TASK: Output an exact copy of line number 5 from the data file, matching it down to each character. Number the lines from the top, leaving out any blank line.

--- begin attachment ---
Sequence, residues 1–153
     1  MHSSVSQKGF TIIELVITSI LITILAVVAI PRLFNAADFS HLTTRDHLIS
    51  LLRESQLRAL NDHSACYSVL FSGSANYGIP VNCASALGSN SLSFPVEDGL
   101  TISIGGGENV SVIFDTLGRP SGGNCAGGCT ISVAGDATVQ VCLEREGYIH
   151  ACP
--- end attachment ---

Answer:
   151  ACP